Preschool Program Focused on Executive-Function Skills Provokes Scholarly Debate
An early-childhood curriculum that aims to help youngsters control their impulses, recall and use what they’ve learned, and adjust when circumstances change—skills known as executive function—has been getting attention in the research world of late.
But researchers aren’t coming to the same conclusions about the effectiveness of the program, called Tools of the Mind, at preparing children for school.
An evaluation that appears in the current issue of Early Childhood Research Quarterly found that when compared with a more traditional literacy-based curriculum, Tools of the Mind was better at reducing negative behavior among 3- and 4-year-olds, and was at least as effective as the other program at teaching language and literacy skills.
On one assessment given to children in both programs, the scores for the Tools of the Mind group were higher, but not by a statistically significant amount.
“So we can’t be very confident that the academic outcomes are better, but there is some evidence that they might be better by a nontrivial amount, and [the outcomes] are clearly a lot better in the social and emotional domain,” said W. Steven Barnett, the lead author of the study and the director of the National Institute for Early Education Research at Rutgers University’s New Brunswick, N.J., campus.
But when the study was analyzed by the What Works Clearinghouse, a research-review project of the U.S. Department of Education’s Institute of Education Sciences, the social benefits of the Tools curriculum weren’t even mentioned, and the program was found to have “no discernable effects” in the area of oral language.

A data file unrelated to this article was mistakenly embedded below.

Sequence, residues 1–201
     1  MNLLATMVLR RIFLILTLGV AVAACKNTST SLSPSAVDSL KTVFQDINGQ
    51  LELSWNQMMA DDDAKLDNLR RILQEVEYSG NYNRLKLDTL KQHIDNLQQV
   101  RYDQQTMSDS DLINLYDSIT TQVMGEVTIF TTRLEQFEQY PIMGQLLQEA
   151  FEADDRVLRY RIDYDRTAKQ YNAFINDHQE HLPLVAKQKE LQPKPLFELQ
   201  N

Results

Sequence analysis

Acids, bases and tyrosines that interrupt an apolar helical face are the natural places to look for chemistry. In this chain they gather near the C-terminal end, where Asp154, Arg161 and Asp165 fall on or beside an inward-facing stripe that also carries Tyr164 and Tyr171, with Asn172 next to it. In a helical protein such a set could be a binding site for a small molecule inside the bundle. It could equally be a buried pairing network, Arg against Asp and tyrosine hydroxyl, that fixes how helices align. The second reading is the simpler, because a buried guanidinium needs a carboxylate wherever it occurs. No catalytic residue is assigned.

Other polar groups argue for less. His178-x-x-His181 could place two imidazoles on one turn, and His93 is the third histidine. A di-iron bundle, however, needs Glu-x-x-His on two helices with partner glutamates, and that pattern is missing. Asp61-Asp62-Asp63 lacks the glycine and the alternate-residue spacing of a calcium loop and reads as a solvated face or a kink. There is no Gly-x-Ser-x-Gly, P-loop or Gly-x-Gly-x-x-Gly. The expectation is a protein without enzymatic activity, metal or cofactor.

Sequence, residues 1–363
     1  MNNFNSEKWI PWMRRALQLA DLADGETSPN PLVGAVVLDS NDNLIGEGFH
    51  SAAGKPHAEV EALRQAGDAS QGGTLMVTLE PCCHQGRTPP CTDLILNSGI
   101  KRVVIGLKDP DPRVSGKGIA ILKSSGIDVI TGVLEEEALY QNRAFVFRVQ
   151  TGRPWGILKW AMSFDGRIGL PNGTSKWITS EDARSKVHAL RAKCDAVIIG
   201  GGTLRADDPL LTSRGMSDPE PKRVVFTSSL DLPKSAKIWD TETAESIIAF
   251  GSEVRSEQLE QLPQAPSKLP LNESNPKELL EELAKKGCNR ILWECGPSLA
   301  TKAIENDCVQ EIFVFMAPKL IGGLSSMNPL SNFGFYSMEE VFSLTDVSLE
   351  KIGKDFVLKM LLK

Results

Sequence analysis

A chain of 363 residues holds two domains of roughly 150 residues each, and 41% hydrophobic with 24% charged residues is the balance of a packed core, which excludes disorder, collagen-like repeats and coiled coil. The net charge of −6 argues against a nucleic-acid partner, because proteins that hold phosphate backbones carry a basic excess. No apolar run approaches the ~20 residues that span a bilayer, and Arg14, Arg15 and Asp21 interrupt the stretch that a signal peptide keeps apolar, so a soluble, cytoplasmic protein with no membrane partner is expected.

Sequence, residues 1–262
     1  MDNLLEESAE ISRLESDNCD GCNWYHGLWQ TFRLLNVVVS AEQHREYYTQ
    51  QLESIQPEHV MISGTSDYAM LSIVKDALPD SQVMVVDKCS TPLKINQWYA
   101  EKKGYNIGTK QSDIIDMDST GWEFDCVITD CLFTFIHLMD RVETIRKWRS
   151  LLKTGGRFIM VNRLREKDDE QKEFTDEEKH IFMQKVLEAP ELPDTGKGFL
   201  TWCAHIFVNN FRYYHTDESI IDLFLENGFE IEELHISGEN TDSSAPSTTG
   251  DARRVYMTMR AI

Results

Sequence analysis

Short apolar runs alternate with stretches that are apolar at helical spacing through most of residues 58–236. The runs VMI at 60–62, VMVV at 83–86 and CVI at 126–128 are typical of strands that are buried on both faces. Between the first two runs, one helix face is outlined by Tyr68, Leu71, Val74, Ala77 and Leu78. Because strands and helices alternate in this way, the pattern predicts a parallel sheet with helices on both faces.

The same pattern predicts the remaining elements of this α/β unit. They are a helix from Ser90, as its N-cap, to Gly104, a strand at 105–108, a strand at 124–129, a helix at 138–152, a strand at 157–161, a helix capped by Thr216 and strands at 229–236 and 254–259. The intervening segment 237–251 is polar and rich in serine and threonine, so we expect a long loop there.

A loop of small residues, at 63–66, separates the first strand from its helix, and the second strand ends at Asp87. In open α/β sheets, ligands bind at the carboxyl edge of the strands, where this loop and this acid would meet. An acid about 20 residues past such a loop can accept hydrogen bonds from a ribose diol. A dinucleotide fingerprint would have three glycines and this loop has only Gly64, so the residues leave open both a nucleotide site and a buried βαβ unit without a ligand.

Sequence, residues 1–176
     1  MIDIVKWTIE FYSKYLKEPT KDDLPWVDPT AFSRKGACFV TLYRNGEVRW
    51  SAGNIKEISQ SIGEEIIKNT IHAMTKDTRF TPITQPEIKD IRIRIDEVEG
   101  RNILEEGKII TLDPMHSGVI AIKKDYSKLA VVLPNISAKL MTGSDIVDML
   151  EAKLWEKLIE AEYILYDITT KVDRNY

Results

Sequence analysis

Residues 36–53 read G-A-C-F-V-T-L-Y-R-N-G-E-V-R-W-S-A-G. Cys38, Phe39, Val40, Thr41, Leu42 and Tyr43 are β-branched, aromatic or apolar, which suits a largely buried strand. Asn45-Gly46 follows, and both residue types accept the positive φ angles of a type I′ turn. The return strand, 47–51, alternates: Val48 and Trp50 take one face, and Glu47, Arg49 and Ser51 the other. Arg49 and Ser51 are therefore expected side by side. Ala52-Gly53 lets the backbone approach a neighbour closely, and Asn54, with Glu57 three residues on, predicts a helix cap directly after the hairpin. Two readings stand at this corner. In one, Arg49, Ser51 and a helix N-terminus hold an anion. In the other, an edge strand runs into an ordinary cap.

Mr. Barnett’s study, conducted in 2002, was small, focusing on the implementation of Tools of the Mind in only one school, which served poor children in New Jersey. Still, Mr. Barnett and the developers of the program contend that the online clearinghouse’s conclusion is misleading.
“What they mean is that Tools was not found to have statistically significant effects on these [academic] outcomes beyond those produced by another curriculum, and, I would add, when both are provided by well-educated teachers in small classes,” Mr. Barnett said in an e-mail. “I don’t think the general public can reasonably be expected to obtain a correct understanding from the way WWC summarizes the results.”
Mark Dynarski, the project director of the clearinghouse and a senior fellow at Mathematica Policy Research, in Princeton, N.J., said that social-emotional outcomes have never been part of the clearinghouse’s early-childhood research “protocol,” and that the protocol is “not flexible about accommodating other outcomes.”
Lack of Clarity?
But that doesn’t mean, he said, that Mr. Barnett’s findings in those areas aren’t noteworthy.
“That it’s not being studied doesn’t mean it’s not important in some domain of children’s development,” Mr. Dynarski said of the program’s impact on children’s behavior.
He added that because Mr. Barnett found significant effects on one measure of oral development, but not on another, the clearinghouse researchers concluded that there was not yet “clarity” on the benefits of the program. But he also noted that because Tools of the Mind was being compared with another program in which children were also showing gains, “the bar was being set a bit higher” for Tools of the Mind.
“I don’t feel like any of this should be seen as negativity” toward the Tools of the Mind program, Mr. Dynarski said.
Tools of the Mind was created some 15 years ago by Deborah Leong, a professor emeritus of psychology at the Metropolitan State College of Denver, and Elena Bodrova, a senior researcher at Mid-continent Research for Education and Learning, a regional education laboratory, also in Denver.